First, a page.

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The Nose Knows!

Part 2 of Amazing Dog Facts is now ready, and it’s a simple little rundown of how dogs are so much better at using their noses than humans.  I can think of plenty of instances where people needed to keep their noses to themselves and where dogs actually saved the day with theirs.  Lessons learned here, my friends, lessons learned. 

Enjoy, and God Bless!

Photo by Pixabay on
  • Noseprints are to dogs what fingerprints are to humans.  That’s right.  Those noseprints on your car windows and front door glass are a uniquely identifiable work of art from God and your dog, made special just for you.  Don’t be too quick to wipe away the gift. 
    • Want to know why a dog’s nose is always wet?  Well, google has the answer.  It makes it easier and better for absorbing chemicals when trying to detect specific scents.  The chemicals can stay attached to the nose allowing the dog to better recognize it and determine if it is a match to something, where it came from and the direction it next went. 
    • A dog’s nose has as many as 300 million receptors for detecting scents.  In comparison, a human nose has between 3 and 5 million, making a dog’s sense of smell up to 10,000 times better than a human’s. The smell center of the dog’s brain is also 40 times larger than a human’s.  You know, to hold all those receptors. 
    • While busy sniffing around to pick up all those aromatic currents, a dog can still breathe.  (Sniffing and breathing are not really the same thing, and until writing this post, it never once occurred to me that I cannot sniff and breathe at the same time.  Ever since, I’ve been trying to do it.  You know, like seeing if I can rotate my right foot in one direction and my right hand in the opposite.  I can’t do it.) 
    • On the delicate subject of butt-sniffing, dogs do it to each other because it is where all the pheromones are.  Now you know, if you didn’t already.
    • Dogs are so good at sniffing things out, they are even used to detect cancer and other diseases in humans. 

What does my nose know?  For a long, long time it knew Molly’s scent that remained on her blankets and babies still in the house after she was gone.  It knew her unique blend of doggy and fluffy love that clung to my sheets and pillows.  I loved being able to pick up one of her babies and, breathing in deep, recapturing the memories.  After all this time, the scent that was wholly and specially Molly doesn’t kick in for me anymore, but the memories are all still there.  The habit is there too.  I never retire to bed without picking up the baby on the fireplace mantel by her picture, giving it a kiss and a sniff, telling her I love her and miss and I’m sorry for not being a better doggy mommy to her.  Yes, I do still berate myself for missed playtime, for leaving her alone when I went to the office (what fun we’d be having now that I mostly work remote), for not taking more walks, for all kinds of things.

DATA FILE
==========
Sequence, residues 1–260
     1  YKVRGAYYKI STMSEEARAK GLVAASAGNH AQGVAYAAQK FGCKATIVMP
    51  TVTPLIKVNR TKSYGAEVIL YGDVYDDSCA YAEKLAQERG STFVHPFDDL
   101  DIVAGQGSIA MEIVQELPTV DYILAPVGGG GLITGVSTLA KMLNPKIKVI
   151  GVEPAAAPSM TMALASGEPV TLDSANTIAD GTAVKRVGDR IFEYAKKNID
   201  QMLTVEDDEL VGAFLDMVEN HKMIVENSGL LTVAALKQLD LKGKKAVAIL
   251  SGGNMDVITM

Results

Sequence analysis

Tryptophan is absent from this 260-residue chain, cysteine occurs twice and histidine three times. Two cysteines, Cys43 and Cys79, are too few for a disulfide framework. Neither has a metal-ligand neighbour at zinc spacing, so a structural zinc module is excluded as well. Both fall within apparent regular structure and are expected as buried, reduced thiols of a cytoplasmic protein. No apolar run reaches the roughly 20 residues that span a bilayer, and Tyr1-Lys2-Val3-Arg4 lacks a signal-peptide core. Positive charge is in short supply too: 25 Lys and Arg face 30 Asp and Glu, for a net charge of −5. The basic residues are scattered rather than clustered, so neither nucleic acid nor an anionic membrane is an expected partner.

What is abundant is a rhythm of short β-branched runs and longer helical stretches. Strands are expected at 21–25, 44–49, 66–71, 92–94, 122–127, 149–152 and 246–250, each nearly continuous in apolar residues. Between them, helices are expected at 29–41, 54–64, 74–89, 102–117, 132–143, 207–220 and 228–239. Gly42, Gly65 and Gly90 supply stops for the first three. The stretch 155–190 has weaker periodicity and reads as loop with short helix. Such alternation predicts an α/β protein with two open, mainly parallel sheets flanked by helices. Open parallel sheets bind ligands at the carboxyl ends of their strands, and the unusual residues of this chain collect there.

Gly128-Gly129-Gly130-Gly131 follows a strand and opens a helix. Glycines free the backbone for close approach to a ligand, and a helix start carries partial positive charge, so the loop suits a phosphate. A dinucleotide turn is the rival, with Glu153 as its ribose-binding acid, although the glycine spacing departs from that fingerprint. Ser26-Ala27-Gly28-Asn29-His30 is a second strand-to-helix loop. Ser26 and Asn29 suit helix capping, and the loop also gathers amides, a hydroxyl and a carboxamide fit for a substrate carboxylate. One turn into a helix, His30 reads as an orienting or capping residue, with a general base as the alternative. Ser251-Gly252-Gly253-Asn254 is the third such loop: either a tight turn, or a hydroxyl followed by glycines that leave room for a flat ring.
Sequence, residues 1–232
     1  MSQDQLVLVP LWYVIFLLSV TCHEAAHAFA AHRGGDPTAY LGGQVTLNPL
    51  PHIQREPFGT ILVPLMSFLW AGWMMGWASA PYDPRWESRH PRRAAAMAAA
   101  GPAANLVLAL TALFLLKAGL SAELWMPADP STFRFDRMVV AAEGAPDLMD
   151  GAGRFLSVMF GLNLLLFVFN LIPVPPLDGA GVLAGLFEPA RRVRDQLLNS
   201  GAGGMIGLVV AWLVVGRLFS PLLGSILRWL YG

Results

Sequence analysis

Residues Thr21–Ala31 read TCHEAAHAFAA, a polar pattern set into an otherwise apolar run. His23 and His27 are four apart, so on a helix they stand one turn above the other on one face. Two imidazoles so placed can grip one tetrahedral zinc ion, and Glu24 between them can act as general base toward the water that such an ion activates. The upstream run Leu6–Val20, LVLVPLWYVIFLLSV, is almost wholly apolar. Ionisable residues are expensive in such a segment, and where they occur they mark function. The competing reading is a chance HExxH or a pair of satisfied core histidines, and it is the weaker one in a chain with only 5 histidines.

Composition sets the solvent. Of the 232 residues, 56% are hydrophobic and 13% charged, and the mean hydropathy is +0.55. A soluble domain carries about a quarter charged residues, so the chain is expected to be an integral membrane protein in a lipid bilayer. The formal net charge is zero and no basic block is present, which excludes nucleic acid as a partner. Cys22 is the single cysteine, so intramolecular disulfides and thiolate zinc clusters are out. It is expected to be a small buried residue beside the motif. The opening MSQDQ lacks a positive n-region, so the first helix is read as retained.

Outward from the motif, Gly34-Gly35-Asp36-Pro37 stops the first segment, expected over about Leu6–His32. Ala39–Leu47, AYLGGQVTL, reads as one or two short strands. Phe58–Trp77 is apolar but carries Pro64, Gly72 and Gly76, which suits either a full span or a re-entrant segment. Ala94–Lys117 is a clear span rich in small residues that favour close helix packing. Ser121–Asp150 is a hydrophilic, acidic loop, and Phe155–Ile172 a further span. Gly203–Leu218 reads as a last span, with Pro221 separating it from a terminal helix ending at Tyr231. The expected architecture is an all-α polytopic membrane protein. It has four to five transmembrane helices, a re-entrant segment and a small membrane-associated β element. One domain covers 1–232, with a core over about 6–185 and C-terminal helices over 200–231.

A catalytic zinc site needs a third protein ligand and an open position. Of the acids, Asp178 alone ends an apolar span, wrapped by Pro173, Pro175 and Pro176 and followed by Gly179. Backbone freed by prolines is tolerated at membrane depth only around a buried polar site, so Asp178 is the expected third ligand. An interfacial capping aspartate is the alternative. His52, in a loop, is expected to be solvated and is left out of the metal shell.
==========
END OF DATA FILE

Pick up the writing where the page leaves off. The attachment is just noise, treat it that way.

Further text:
It isn’t a question of whether she was loved or knew she was loved.  The love was and still is there by leaps and bounds.  It’s the heartache of knowing there isn’t a chance to play or go for walks with her anymore alongside knowing…I could have played one more time that day when she wanted to…I could have gone for one more walk that evening when she wanted to…but I didn’t. 

I am sorry, Molly. 

Excuse me.  I need to go blow my nose.

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A Story About a Dog — It’s Salmon

Dogs, man. They’re great. I’ve always been a dog person. It’s actually one of my better qualities. Quite honestly, at the risk of sounding like one of those stupid tshirts you see on Instagram, I really do think there are two kinds of people in this world: dog people and wrong people. Don’t get mixed […]

A Story About a Dog — It’s Salmon